COLEGIO DELA INMACULADA CONCEPTION, #45 Gorordo Avenue, Cebu City, Philippines
 

HISTORY
of
Colegio de la Inmaculada Concepcion
Casa de Caridad

CIC at Martires Street
CIC at the outbreak of World War II

In the middle of the 19 th century, the necessity of founding a charitable institution was felt in the Diocese of Cebu. To this end, a hospital for leprous patients was founded by the Ilmo, Obispo de Cebu, Romualdo Jimeno. It was situated some distance from the city jail.

In the year 1864, Bishop Jimeno purchased a small house from Señor Gabino Veloso, which served as a hospital for both men and women. It was called Casa de Caridad and had two rooms with six beds in each. However, due to lack of occupants, the Casa was forced to close and thus remained closed for several years. But, Providence and fate had other plans.

At nine o'clock in the evening of July 1, 1877, a half-dead old man appeared at the doorway of the Seminario de Cebu. Having been informed of this. The Rector, Fr. Farre, together with some priests of the Seminary, went down to the main door and, seeing the extreme state of misery of the poor man and his evident need of shelter, they took him into one of the classrooms where he was cleaned up, dressed, and given the supper he was badly in need of.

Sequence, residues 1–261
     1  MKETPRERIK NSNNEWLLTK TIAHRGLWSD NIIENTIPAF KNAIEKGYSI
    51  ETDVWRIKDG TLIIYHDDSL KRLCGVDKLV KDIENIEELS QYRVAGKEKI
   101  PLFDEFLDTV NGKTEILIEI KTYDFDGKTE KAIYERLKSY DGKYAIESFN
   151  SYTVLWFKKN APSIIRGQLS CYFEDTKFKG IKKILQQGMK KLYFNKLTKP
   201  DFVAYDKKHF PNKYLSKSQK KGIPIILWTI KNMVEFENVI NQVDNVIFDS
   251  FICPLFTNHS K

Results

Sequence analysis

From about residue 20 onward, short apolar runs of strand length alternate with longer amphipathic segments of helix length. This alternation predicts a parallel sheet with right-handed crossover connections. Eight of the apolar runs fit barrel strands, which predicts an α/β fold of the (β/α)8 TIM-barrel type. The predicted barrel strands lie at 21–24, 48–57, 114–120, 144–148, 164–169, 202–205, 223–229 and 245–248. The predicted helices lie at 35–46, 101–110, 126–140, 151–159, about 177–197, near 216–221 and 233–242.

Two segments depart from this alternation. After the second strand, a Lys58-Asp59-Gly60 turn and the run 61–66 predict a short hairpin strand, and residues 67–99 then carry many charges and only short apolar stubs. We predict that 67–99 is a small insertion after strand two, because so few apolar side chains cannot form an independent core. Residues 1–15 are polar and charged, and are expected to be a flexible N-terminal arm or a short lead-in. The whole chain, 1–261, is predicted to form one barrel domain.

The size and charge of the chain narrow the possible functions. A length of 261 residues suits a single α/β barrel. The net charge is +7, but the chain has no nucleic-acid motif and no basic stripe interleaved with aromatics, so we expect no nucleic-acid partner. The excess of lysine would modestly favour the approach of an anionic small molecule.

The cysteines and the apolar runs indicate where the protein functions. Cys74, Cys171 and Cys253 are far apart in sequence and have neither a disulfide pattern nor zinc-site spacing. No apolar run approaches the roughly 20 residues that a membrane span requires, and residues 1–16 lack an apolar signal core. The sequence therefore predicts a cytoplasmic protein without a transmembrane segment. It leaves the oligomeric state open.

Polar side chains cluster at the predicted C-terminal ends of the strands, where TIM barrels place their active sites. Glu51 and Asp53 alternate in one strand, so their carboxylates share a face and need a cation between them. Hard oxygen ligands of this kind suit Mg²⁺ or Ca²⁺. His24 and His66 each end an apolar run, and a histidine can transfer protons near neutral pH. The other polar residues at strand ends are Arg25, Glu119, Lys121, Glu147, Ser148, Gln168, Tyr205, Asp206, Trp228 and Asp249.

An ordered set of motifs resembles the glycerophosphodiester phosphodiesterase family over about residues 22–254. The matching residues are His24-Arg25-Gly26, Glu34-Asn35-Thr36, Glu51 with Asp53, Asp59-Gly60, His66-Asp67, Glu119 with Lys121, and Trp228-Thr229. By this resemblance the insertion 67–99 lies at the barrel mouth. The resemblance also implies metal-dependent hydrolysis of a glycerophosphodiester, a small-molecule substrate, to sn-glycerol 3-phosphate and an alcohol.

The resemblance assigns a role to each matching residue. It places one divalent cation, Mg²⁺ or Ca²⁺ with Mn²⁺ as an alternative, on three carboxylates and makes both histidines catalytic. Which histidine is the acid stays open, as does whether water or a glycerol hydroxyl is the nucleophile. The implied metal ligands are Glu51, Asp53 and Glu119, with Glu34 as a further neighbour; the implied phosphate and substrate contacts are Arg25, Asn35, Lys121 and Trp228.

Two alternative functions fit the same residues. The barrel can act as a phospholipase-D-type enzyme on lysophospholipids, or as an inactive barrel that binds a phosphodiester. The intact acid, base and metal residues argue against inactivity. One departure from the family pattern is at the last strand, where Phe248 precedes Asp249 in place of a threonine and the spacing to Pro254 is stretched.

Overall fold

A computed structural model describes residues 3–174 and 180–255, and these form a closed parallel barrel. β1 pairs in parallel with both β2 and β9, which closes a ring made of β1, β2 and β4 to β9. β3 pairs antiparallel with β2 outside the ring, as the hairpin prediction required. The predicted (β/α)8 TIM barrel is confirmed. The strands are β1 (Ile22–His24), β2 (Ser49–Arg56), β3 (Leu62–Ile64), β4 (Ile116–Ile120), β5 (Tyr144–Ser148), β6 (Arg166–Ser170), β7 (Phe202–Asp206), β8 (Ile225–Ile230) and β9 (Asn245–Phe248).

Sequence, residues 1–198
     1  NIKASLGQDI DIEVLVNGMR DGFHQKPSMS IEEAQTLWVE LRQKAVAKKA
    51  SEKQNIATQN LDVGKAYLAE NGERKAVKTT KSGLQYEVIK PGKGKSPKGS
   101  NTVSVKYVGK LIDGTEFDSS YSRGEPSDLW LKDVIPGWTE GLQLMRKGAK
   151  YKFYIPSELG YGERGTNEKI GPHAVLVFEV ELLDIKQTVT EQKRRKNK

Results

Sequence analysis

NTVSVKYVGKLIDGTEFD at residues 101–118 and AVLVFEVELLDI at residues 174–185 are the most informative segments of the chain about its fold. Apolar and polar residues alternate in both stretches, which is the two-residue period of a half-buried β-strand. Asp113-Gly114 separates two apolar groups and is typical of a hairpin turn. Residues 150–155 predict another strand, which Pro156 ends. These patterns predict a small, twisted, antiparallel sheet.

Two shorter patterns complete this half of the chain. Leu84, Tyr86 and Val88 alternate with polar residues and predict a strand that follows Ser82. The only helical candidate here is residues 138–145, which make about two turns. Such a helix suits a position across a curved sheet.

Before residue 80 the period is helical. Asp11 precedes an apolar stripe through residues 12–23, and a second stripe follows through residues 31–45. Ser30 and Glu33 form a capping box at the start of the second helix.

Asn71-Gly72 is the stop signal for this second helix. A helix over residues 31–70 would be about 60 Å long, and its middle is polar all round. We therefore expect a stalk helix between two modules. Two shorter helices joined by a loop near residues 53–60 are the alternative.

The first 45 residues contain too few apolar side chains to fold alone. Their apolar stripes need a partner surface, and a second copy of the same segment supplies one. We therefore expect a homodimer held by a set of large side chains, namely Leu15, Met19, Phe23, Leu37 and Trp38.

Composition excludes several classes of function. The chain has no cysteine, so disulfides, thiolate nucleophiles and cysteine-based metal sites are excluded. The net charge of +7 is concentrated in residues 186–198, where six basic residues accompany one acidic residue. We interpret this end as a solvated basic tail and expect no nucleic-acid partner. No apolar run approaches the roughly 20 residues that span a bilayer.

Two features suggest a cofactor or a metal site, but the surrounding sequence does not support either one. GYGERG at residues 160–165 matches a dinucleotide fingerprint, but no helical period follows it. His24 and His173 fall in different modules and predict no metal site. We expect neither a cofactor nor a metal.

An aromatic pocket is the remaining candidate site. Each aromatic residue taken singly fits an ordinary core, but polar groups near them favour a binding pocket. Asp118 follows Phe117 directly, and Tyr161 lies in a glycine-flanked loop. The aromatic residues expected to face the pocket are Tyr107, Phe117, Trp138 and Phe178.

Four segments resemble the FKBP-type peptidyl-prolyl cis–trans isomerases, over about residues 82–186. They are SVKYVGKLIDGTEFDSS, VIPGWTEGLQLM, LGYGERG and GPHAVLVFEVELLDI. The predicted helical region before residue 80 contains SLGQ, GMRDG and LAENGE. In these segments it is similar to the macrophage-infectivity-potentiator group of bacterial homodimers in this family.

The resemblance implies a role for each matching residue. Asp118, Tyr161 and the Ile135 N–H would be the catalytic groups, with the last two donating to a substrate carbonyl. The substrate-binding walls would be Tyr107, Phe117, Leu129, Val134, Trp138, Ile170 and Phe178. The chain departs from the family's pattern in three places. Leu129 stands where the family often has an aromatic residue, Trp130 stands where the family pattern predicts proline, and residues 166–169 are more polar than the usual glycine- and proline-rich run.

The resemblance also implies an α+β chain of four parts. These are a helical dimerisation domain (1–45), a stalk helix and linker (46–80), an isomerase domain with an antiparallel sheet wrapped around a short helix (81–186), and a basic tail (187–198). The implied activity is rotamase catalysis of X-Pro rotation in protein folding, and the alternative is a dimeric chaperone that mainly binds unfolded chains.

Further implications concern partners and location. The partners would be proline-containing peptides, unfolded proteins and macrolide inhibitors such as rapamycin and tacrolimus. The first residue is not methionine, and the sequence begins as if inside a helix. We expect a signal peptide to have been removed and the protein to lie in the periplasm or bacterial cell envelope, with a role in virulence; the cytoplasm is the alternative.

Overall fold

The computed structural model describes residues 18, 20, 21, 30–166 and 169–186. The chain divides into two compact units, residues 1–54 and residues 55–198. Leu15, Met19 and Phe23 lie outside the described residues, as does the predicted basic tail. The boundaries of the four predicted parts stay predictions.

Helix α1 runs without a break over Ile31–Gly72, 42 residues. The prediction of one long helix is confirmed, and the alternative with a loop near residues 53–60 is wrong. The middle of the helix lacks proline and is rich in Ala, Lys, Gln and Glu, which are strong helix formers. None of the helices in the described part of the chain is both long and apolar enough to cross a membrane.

The following day, the case was referred to their Bishop, Benito Romero de Madridejos, who beseeched the Rector to look for someone to attend to his needs. The Rector thereupon called on one of his pious parishioners, a woman named Baldomera, who accepted his request for someone to care for the sick old man. Together with her daughter and a maidservant, she transferred residence to the Casa de Caridad but, after a few weeks, was unable to endure the sacrifice, and the three returned to their house.

At this point, there came upon the scene the Rev. Fernando de la Canal, C.M. who was to be the source and soul of the charitable works of the hospital. Fr. de la Canal arrived in Cebu on November 13, 1869, having previously been a priest in his home province Burgos , Spain . Such was his zeal as priest and confessor that he spent the greater part of the day at the confessional, listening to and directing his parishioners. A great number of people kept fond memories of this good priest whom they revered as a saint.